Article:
Steep drops in energy prices and metals Thursday pulled down the stocks of oil and gas producers and mining companies, and the market reversed its gains from Wednesday. The Dow lost 253.25 points (1.43%) to finish at 17,495.84, the NASDAQ closed 68.58 points (1.35%) lower at 5,002.55, and the S&P 500 decreased 31.18 points (1.50%) to 2,041.89. The Russell 2000 was down 13.61 points (1.18%) at 1,135.36, and the Wilshire 5000 fell 306.28 points (1.44%) to 20,949.75.

On the NYSE, 3.2 billion shares traded, and on the NASDAQ, 2.7 billion shares changed hands, with declining issues outnumbering advancing issues nearly 2 to 1 on both exchanges.

The price of the 10-year Treasury note increased 21/32, bringing its yield down to 2.227%. The price of the 30-year Treasury bond climbed 1 15/32, decreasing its yield to 2.932%.
Same-Gender Couple Benefits Guidance Issued by IRS
A notice from the Internal Revenue Service (IRS) gives guidance to plan sponsors, applying the Supreme Court’s same-gender marriage case to retirement plans, as well as other benefits. The case, Obergefell v. Hodges, decided in June 2015, held that under the 14th Amendment states cannot deny same-gender couples the right to marry and must recognize same-gender marriages performed in other states. The Treasury and the IRS said they understand that some plan sponsors may alter aspects of their employee benefit plans, or how their plans are administered, in response to the decision, and some plan sponsors have already asked for clarification of how it might apply to some employee benefit plans.Read more >
The 2016 Pension Benefit Guaranty Corporation (PBGC) Comprehensive Premium Filing Instructions (including the illustrative form) have been approved by the Office of Management and Budget (OMB) and are now available on PBGC’s website.Read more >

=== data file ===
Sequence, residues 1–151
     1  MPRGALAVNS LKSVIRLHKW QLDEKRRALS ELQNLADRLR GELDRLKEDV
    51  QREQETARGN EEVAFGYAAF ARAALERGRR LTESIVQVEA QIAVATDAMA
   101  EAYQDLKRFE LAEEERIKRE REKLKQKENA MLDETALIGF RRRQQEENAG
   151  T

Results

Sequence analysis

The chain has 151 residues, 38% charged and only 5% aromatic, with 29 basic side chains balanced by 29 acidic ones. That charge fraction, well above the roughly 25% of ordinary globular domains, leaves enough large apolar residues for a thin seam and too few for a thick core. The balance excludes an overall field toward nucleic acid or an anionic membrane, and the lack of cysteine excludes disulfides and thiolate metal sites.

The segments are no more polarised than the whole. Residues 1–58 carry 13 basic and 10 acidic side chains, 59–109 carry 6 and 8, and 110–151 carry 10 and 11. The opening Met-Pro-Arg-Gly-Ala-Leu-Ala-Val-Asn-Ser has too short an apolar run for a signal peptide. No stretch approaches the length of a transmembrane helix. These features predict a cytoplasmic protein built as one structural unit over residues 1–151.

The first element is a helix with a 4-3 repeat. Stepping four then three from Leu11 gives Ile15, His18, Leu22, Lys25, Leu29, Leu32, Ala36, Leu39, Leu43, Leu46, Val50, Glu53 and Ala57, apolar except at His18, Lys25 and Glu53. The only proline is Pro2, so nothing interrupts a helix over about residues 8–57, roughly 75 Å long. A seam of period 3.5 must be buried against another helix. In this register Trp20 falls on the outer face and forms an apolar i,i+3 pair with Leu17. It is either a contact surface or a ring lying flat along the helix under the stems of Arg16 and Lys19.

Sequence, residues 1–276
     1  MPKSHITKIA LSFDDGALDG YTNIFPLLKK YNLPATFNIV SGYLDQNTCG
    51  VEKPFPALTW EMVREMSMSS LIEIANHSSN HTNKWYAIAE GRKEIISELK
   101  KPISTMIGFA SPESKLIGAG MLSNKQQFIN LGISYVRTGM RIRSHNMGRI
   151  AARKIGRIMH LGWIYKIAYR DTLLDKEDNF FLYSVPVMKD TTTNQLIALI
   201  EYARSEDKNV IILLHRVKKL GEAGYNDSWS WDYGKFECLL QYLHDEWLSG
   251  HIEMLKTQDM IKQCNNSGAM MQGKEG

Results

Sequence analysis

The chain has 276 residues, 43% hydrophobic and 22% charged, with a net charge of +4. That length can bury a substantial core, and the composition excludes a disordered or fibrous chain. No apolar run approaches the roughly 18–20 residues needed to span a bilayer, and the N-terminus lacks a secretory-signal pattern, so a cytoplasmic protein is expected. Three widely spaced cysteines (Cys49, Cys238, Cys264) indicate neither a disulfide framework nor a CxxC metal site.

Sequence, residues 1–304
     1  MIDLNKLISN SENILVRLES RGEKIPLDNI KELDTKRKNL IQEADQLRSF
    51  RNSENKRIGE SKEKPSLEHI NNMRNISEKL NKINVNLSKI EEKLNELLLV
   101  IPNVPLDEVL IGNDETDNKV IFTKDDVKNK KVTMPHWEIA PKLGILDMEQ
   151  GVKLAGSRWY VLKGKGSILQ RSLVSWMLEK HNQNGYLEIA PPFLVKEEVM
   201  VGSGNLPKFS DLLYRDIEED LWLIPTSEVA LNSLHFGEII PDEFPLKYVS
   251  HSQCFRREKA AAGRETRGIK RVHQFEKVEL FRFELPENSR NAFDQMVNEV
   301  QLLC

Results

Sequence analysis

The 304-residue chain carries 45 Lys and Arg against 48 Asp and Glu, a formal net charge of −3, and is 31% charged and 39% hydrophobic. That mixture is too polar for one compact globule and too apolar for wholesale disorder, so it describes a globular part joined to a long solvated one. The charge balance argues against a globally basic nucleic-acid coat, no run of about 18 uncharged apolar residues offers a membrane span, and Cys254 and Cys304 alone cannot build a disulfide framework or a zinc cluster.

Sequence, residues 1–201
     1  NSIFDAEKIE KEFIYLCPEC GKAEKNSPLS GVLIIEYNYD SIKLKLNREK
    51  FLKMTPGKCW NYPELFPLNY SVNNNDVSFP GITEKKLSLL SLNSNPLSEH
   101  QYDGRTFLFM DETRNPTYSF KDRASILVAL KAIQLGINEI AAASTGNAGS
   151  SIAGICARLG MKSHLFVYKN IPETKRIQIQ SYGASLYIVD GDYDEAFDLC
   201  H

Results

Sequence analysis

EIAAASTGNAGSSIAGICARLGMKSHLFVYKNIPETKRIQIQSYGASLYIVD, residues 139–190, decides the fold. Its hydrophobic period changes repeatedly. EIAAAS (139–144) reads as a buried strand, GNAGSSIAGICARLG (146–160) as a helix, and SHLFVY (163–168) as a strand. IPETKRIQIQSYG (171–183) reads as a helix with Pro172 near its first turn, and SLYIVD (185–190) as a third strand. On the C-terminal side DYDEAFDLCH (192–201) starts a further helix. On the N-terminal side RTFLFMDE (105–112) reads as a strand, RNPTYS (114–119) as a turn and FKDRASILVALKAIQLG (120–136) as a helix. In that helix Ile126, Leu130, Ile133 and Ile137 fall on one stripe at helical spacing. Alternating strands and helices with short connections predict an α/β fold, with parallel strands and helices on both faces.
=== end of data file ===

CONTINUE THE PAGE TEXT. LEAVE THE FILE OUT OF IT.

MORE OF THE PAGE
Budget Deal Would Provide ‘Cadillac Tax’ Relief
A major tax provision of the Affordable Care Act (ACA) that has employers scurrying to avoid it may be delayed if the new budget deal approved by Congress is signed by the president. The Consolidated Appropriations Act, 2016, includes a two-year delay of the 40% excise tax on high-cost health plans (also called the Cadillac tax), making it effective in 2020 rather than 2018. The measure would also make the tax deductible for employers, further reducing their cost burden.Read more >
State Street Corporation announced it is informing clients about a review it has initiated into the manner in which it invoiced certain expenses to asset servicing clients. The review, in its preliminary stages, addresses the amounts invoiced for specific categories of expenses. A spokesperson told PLANSPONSOR since the firm is in the preliminary stages of the review, it is unable to estimate how many employer-sponsored retirement plan clients, if any, are affected. State Street notes that “this is an issue that we identified and one that we are committed to resolving.”Read more >
Small Talk